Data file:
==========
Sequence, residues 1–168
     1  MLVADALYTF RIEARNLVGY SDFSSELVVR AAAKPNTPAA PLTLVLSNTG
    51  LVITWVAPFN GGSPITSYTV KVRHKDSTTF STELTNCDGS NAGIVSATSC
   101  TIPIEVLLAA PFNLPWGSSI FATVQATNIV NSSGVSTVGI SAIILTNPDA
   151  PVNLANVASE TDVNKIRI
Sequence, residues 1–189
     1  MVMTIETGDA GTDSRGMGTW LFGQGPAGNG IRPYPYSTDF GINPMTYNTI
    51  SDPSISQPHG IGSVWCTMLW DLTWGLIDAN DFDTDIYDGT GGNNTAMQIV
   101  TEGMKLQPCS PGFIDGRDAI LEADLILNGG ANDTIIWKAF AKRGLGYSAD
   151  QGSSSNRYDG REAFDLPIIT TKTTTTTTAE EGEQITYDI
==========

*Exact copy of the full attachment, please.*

Sequence, residues 1–168
     1  MLVADALYTF RIEARNLVGY SDFSSELVVR AAAKPNTPAA PLTLVLSNTG
    51  LVITWVAPFN GGSPITSYTV KVRHKDSTTF STELTNCDGS NAGIVSATSC
   101  TIPIEVLLAA PFNLPWGSSI FATVQATNIV NSSGVSTVGI SAIILTNPDA
   151  PVNLANVASE TDVNKIRI
Sequence, residues 1–189
     1  MVMTIETGDA GTDSRGMGTW LFGQGPAGNG IRPYPYSTDF GINPMTYNTI
    51  SDPSISQPHG IGSVWCTMLW DLTWGLIDAN DFDTDIYDGT GGNNTAMQIV
   101  TEGMKLQPCS PGFIDGRDAI LEADLILNGG ANDTIIWKAF AKRGLGYSAD
   151  QGSSSNRYDG REAFDLPIIT TKTTTTTTAE EGEQITYDI